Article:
Erosion control is an important part of any construction project. It is important for maintaining water quality and nutrients in soil. It is also important for protecting nearby streams and the fish and wildlife that inhabit them.
Sediments from disturbed soils can move onto neighboring properties and streets and into sewer systems and other bodies of water. Excessive sediment is a pollutant and damages the functions of both sewer systems and natural watersheds.
Why erosion control is required
The Federal Clean Water Act requires state and local governments to minimize the potential for soil discharges and runoff to pollute nearby waters. Oregon law prohibits the discharge or placement of wastes into waters of the state and the discharge of waste that causes violations of water quality standards.
The Oregon Department of Environmental Quality grants the City of Portland a National Pollution Discharge Elimination System (NPDES) Municipal Separate Storm Sewer System (MS4) permit. The City must comply with all conditions of this permit. The permit requires the City to implement a program to reduce pollutants in stormwater runoff from construction activity.
As part of this responsibility, the City establishes requirements for construction managers to submit erosion prevention and control site plans and to implement and maintain effective erosion and sediment control practices through Portland City Code Title 10: Erosion and Sediment Control Regulations.
What is required for construction activity
Any construction project that includes ground-disturbing activity must meet the requirements of Title 10 and the Erosion and Sediment Control Manual.
Construction activities are subject to the following:
- Visible or measurable sediment or pollutant exiting the site, entering the public right-of-way, or depositing into any water body or storm sewer and drainage system is prohibited.
- Depositing or washing soil into a water body or the storm sewer and drainage system is prohibited.
- Ground-disturbing activities that require plan review and inspection must post erosion control signage per the Erosion and Sediment Control Manual to satisfy public notification requirements.
Those who conduct ground-disturbing activities within the City must comply with the Erosion and Sediment Control Manual, specifically the minimum requirements of Chapter 1.4 and Chapter 3, Erosion and Sediment Control Best Management Practices, which include:
- Installing and making functional best management practices to keep soil on-site and out of water bodies, adjacent property, storm sewer and drainage systems, and/or the public rights-of-ways before the start of ground-disturbing activities.
- Protecting stormwater inlets that are functioning during development by applying and maintaining approved sediment control best management practices.
- Implementing erosion and sediment control best management practices.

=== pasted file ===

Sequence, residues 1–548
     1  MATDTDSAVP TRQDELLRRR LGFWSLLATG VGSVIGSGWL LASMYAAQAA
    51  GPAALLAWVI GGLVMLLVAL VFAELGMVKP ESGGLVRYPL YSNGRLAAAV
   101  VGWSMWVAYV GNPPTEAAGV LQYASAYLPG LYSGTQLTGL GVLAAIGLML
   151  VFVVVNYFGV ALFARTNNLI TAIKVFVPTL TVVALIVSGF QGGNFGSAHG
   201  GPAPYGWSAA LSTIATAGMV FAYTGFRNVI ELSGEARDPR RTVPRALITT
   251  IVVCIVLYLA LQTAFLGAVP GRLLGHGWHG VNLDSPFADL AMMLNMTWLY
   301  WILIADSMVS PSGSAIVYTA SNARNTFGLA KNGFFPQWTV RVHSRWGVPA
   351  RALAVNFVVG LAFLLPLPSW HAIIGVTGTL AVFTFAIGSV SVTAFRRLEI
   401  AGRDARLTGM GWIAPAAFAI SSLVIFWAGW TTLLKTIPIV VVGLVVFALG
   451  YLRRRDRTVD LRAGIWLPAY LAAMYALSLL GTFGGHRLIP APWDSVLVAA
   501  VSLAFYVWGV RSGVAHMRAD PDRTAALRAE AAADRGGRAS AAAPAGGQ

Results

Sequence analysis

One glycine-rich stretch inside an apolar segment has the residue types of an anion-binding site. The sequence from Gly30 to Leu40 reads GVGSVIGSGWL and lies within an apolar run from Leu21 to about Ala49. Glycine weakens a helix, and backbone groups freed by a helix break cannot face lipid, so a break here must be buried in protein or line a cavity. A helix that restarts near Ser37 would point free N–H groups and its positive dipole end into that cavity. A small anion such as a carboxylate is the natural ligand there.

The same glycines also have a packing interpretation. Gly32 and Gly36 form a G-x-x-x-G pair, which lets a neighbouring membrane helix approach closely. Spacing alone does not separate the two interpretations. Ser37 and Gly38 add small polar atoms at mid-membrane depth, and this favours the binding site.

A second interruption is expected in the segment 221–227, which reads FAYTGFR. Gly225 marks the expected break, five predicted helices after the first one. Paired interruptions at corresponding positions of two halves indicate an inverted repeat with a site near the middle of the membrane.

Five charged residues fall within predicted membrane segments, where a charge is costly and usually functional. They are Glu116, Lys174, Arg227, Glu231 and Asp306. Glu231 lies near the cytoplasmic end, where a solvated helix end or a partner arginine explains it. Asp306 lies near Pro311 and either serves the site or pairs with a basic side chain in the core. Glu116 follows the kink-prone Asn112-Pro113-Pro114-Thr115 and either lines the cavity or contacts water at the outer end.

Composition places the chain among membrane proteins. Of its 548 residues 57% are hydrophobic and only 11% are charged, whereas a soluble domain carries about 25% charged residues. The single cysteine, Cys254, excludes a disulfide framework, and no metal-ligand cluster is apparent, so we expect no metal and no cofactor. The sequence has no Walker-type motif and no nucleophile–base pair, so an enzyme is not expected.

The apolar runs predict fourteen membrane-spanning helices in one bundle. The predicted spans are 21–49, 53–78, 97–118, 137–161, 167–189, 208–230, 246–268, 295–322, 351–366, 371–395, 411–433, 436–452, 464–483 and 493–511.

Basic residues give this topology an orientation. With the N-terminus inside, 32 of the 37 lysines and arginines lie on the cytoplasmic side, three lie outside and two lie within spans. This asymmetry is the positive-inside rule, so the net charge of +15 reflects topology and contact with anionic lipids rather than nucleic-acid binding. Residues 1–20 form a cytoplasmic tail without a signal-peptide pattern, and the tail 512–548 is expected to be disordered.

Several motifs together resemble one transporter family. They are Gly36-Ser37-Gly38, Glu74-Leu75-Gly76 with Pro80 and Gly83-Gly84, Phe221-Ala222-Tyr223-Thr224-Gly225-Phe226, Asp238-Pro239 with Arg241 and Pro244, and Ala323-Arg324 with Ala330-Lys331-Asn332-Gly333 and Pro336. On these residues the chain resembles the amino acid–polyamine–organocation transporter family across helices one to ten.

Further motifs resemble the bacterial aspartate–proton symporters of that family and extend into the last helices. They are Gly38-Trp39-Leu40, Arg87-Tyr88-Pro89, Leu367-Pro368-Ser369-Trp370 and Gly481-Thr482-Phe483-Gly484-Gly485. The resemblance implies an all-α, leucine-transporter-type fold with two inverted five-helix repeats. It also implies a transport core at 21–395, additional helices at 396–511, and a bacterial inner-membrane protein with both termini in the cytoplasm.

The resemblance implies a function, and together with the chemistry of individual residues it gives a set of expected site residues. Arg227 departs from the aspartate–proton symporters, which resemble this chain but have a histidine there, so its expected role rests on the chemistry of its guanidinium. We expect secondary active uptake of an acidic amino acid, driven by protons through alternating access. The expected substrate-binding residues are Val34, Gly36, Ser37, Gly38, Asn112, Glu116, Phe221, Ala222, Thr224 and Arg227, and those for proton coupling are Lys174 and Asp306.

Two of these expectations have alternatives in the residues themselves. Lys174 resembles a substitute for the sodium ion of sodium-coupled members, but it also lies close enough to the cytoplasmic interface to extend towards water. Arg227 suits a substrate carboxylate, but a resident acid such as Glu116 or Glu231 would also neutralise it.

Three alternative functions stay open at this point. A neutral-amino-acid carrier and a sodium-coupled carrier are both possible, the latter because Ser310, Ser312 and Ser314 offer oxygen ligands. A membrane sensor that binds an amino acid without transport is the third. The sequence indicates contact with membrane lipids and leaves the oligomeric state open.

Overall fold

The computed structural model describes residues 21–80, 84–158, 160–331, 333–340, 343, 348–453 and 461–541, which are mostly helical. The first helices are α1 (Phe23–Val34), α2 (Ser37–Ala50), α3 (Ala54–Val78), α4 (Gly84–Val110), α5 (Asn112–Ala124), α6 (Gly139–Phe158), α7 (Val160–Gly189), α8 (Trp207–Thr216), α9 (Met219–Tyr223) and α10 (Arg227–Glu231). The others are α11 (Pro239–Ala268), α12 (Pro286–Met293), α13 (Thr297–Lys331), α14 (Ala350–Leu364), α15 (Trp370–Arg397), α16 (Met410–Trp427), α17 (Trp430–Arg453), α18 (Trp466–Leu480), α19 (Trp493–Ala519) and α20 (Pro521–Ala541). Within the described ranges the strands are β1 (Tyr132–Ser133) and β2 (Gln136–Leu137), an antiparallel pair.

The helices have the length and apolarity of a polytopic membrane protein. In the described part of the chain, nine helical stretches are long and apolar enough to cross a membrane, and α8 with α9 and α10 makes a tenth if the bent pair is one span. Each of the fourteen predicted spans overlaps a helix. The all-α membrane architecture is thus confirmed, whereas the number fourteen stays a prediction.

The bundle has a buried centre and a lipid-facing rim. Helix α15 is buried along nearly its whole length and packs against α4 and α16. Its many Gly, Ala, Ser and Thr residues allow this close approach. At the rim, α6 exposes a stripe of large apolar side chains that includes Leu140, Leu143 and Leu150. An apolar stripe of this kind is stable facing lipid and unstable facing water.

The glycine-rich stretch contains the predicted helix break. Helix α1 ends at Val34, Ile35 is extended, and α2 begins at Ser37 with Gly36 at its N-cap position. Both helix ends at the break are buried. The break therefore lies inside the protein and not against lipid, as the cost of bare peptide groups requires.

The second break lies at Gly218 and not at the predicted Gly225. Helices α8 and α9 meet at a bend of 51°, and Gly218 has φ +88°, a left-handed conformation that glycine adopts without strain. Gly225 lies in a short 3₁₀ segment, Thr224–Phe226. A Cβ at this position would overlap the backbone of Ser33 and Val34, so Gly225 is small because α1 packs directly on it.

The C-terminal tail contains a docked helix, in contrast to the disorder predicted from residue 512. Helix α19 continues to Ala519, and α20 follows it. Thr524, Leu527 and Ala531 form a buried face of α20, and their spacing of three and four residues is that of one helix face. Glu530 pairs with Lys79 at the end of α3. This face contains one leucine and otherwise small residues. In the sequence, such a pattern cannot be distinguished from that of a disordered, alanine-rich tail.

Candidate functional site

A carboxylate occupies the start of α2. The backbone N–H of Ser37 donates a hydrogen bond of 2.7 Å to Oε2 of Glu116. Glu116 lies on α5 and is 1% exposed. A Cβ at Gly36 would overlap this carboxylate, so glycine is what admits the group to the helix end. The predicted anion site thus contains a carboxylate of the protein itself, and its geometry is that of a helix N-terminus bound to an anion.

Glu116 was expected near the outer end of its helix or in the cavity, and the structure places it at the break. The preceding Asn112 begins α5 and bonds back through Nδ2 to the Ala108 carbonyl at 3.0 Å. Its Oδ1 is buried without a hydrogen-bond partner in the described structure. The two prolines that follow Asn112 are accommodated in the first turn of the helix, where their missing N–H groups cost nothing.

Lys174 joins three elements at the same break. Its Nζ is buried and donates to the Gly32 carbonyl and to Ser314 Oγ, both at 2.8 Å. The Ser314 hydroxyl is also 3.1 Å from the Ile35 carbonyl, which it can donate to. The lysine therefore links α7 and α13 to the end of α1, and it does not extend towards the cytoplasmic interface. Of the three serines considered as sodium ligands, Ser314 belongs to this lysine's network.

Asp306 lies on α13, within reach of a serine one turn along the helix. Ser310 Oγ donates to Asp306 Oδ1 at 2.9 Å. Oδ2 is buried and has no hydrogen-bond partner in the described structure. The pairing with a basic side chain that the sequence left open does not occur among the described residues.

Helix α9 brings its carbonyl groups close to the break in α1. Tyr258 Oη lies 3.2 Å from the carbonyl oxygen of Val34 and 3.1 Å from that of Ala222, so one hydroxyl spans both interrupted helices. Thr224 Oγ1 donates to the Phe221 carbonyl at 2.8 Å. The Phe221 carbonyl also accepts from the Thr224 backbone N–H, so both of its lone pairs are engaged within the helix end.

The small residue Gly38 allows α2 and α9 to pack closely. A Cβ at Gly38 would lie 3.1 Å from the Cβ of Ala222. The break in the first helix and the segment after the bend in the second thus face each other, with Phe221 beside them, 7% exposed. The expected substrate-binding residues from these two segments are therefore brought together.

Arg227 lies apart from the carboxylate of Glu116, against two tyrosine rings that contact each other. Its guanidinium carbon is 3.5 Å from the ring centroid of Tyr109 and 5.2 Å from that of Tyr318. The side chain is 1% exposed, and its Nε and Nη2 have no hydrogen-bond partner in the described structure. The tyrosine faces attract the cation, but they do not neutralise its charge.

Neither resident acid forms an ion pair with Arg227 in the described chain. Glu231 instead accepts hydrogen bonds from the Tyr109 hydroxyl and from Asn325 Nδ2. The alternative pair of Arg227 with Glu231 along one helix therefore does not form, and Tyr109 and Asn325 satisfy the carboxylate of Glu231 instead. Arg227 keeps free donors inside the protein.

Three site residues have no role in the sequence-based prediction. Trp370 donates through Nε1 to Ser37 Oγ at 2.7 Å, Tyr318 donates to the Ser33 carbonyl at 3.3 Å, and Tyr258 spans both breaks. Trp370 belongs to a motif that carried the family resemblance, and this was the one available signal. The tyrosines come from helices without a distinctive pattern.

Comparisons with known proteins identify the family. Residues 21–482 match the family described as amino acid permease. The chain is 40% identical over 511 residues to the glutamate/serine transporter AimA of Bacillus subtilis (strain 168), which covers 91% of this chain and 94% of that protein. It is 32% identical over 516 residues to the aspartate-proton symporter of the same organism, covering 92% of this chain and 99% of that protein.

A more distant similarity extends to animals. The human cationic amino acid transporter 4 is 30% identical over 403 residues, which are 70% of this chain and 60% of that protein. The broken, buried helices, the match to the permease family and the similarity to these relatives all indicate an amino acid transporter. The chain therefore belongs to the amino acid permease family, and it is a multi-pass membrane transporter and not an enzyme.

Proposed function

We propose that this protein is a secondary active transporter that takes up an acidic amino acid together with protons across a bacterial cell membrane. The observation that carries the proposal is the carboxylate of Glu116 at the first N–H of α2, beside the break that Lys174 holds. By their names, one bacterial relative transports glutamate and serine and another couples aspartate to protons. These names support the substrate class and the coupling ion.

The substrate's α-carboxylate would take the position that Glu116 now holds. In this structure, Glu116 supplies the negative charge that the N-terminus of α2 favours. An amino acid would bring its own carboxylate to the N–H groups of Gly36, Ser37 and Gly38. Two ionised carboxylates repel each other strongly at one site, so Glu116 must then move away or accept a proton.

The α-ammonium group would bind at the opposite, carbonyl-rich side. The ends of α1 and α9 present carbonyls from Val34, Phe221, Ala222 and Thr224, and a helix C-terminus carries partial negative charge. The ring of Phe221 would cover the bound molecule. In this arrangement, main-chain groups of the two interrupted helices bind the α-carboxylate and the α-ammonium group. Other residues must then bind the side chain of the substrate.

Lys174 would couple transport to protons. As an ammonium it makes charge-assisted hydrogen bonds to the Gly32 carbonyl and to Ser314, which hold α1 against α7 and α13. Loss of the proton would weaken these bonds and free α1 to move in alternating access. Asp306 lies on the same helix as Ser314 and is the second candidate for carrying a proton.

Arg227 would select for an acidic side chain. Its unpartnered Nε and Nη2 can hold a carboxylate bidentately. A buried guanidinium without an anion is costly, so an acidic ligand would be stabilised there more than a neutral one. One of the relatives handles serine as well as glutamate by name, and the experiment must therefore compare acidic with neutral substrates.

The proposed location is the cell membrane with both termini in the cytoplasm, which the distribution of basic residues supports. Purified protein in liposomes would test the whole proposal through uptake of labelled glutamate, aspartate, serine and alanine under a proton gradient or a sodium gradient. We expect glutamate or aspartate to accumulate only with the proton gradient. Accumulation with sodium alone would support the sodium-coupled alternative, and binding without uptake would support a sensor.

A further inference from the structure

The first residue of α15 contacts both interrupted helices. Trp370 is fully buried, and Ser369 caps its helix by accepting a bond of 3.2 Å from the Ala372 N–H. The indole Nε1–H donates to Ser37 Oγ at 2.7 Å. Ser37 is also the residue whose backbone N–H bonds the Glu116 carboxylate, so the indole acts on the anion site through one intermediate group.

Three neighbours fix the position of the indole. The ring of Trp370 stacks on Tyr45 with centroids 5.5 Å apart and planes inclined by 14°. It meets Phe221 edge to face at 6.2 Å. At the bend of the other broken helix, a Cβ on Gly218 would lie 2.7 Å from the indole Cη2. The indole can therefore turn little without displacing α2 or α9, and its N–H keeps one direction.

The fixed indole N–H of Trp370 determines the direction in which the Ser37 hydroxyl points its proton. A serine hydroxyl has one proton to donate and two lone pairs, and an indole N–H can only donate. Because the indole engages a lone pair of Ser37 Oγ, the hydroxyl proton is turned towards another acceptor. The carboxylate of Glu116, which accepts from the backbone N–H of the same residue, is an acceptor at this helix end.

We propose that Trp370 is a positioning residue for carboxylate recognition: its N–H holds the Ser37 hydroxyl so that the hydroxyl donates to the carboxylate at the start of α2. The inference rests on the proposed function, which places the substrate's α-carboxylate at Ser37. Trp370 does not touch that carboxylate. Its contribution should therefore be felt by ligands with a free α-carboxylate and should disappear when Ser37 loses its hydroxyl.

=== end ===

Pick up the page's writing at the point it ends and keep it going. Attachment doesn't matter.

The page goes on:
- Implementing pollution control best management practices.
- Posting signage on the site of the permitted ground-disturbing activity that identifies the site’s permit number and address and the City’s Erosion Control Complaint Hotline number or the responsible City project manager or inspector. Ground-disturbing activities that do not require a permit (such as landscaping activities or agriculture) are exempt from this requirement. (See Section 2.4 of the Erosion and Sediment Control Manual for detailed signage requirements.)
- Promptly removing any soil, sediment, and pollutants that enter the public right-of-way.
- Applying temporary or permanent soil stabilization to denuded development site areas in conformance with the following requirements:
- Between October 1 and April 30, all denuded sites must be provided with either temporary or permanent soil stabilization as soon as practicable, but in no case more than two days after ground-disturbing activity occurs.
- Between May 1 and September 30, all denuded sites must be provided with either temporary or permanent soil stabilization as soon as practicable, but in no case more than seven days after ground-disturbing activity occurs.
- Sports fields or playgrounds surrounded by vegetative cover or permanently installed curbing are exempt from this requirement.
- Maintaining temporary erosion and sediment control best management practices until permanent stabilization best management practices are established.
- Before a project is completed, covering all exposed soil according to permanent stabilization best management practices, unless the soil is covered by structures or paving.
- Securing or protecting soil stockpiles using temporary or permanent soil stabilization best management practices. Stockpiles of soil may be subject to additional regulations requiring a permit, review, or erosion and sediment control.
Please note: Ground-disturbing activity is prohibited between October 1 and April 30 in the Balch Creek and Forest Park subdistricts of the Northwest Hills plan district.